(A) Live-cell imaging of Ca2+ release (top, X-Rhod-1 AM) and nuclear actin polymerization (bottom) in Jurkat NLA cells upon contact with a TCR-stimulatory surface. Shown are still images at the indicated time after exposure to the stimulatory surface (see also movie S4). (B) Quantification of Ca2+ release triggered upon contact with a TCR-stimulatory surface in cells analyzed as in (A). Depicted are means ± SD of total and nuclear Ca2+ levels from eight cells analyzed. FC, fold change. (C) Single-cell analysis over 20 min after activation. Occurrence of actin polymerization at the PM (red) or the nucleus (green) as well as Ca2+ release (yellow) is shown. (D to G) Visualization of Ca2+ release and nuclear actin polymerization upon PMA/Iono stimulation in A3.01 NLA cells. (D and E) Stills of live-cell imaging movies of Ca2+ release of the same cell before (t = 0 s) and after (t = 44 s) stimulation with PMA/Iono. Dashed circles indicate the position of the nucleus. (F and G) Quantification of Ca2+ release (means ± SD from at least six cells each; intensities normalized to the frame before stimulation). Cells were treated with DMSO (D and F) or the Ca2+ chelator BAPTA-AM (E and G). (H) Relative occurrence of nuclear actin filaments in A3.01 NLA cells after treatment with the indicated stimuli and small-molecule inhibitors of Ca2+ signaling (means ± SD from three experiments with at least 30 cells evaluated each per condition). (I and J) Inhibition of nuclear CaM impairs the formation of nuclear F-actin filaments. Representative micrographs (I) and quantification of occurrence of nuclear or PM F-actin (means ± SD of three experiments with 30 cells evaluated each per condition) (J). A3.01 NLA (nuclear F-actin) or Jurkat NLA (F-actin ring) cells transiently expressing mCherry or the nuclear CaM inhibitor CaMBP4.mCherry were analyzed 58 s or 5 min after activation of a TCR-stimulatory surface, respectively. Asterisks indicate mCherry-positive cells. Statistical significance relative to the PMA/Iono (H) or mCherry (J) control was assessed by one-way analysis of variance (ANOVA) or one-sample t test, respectively. Scale bars, 5 μm. Arrowheads indicate examples of nuclear F-actin filaments.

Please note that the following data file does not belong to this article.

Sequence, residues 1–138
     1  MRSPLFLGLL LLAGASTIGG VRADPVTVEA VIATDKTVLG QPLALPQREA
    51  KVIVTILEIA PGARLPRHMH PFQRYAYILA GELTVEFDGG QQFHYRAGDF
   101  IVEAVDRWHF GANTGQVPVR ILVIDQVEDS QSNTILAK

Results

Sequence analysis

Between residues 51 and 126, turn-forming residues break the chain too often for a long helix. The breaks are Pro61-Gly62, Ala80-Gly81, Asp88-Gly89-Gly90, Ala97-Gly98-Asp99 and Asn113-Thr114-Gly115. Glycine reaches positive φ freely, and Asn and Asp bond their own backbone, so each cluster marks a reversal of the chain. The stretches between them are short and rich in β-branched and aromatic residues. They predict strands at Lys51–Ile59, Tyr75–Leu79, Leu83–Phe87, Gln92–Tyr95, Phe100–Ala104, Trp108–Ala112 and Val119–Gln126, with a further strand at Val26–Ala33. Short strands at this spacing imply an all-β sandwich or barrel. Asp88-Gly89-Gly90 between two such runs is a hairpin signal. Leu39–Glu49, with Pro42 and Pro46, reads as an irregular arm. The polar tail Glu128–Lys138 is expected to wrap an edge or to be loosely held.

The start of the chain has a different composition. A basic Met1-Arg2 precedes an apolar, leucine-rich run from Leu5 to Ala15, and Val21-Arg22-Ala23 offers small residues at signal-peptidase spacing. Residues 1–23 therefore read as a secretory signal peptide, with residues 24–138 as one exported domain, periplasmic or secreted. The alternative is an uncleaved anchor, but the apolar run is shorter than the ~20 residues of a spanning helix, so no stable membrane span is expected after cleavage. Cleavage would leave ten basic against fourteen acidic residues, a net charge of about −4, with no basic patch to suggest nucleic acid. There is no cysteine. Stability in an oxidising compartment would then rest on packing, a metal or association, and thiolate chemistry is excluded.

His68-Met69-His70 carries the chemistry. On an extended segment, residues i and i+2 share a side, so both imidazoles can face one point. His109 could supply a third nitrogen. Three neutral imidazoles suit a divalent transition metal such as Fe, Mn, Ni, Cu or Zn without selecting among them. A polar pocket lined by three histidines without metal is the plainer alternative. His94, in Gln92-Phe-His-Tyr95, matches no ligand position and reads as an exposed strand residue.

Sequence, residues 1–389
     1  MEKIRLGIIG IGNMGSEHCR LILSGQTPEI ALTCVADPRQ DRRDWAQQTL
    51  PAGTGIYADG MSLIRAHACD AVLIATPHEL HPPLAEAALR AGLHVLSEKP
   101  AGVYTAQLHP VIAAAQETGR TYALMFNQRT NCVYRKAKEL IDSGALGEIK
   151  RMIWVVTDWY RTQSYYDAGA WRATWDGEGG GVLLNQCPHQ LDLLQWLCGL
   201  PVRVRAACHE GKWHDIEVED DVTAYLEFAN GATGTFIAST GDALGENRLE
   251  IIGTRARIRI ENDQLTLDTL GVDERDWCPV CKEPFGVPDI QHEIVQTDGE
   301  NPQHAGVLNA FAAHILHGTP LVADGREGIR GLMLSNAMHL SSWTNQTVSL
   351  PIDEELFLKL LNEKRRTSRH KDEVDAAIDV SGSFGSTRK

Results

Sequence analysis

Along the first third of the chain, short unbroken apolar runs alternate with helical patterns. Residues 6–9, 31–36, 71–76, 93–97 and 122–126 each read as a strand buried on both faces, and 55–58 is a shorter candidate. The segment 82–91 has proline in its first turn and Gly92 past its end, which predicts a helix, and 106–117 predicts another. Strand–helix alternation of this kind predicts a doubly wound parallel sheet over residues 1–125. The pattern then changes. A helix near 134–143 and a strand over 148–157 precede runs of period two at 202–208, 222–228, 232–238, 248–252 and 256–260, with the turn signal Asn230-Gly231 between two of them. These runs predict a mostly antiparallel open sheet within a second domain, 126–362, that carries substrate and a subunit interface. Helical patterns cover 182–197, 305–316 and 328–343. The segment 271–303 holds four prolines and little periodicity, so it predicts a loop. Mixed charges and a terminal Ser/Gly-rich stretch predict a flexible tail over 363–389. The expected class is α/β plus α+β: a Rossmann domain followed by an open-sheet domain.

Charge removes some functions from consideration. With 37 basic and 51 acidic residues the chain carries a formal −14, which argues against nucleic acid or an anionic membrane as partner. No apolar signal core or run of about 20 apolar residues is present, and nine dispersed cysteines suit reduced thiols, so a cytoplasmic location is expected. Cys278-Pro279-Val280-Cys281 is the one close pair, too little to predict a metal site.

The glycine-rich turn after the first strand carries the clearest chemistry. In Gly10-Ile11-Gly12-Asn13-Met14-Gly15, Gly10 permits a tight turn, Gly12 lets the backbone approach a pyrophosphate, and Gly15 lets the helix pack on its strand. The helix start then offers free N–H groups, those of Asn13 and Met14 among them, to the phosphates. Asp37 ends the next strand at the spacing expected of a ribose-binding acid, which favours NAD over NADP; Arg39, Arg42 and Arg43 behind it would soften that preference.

• Fig. 4 Nuclear Arp3 mediates formation of TCR-induced nuclear actin filaments.

    (A and B) Silencing of Arp3 expression impairs formation of TCR-induced nuclear actin filaments. (A) Representative images of Jurkat NLA cells expressing the indicated shRNAs after PMA/Iono stimulation. (B) Relative occurrence of cells with nuclear F-actin (top) and Western blot expression analysis (bottom). GAPDH, glyceraldehyde phosphate dehydrogenase. (C and D) Pharmacological inhibition of Arp2/3 complex impairs formation of TCR-induced nuclear actin filaments. Jurkat NLA cells were treated with DMSO or increasing amounts of the Arp2/3 inhibitor CK-869, stimulated with PMA/Iono, and analyzed for formation of nuclear actin filaments. (C) Representative images. (D) Relative occurrence of cells with nuclear F-actin. (E to G) Inhibition of nuclear Arp2/3 impairs formation of TCR-induced nuclear actin filaments at the IS. Primary human CD4+ T cells expressing mCherry or nucleus-targeted dn Arp2.mCherry (nuc.dnArp2.mCherry) together with nuc.lifeact.GFP were incubated with SEB-loaded Raji B cells (red) analyzed for the formation of F-actin in the nucleus and at the cell-cell contact. (E) Representative micrographs. Scale bar, 5 μm. Yellow arrowheads indicate F-actin at the IS, and white arrowheads indicate F-actin in the nucleus (see also movie S9). (F) Quantification of cells with nuclear F-actin. (G) Quantification of cells with F-actin at the IS. D1, donor 1. Silencing of NIK (H and I) or NWASP (J and K) expression impairs formation of TCR-induced nuclear actin filaments. (H and J) Representative images of Jurkat NLA cells expressing the indicated shRNAs after PMA/Iono stimulation. Quantifications (B, D, I, and K) depict means ± SD from three experiments with at least 30 cells evaluated each per condition. Statistical significance relative to shC (B, I, and K) and DMSO-treated (D) controls was assessed by one-sample t test.

  • Fig. 5 Arp2/3-mediated formation of nuclear actin networks is essential for CD4+ T cell effector functions.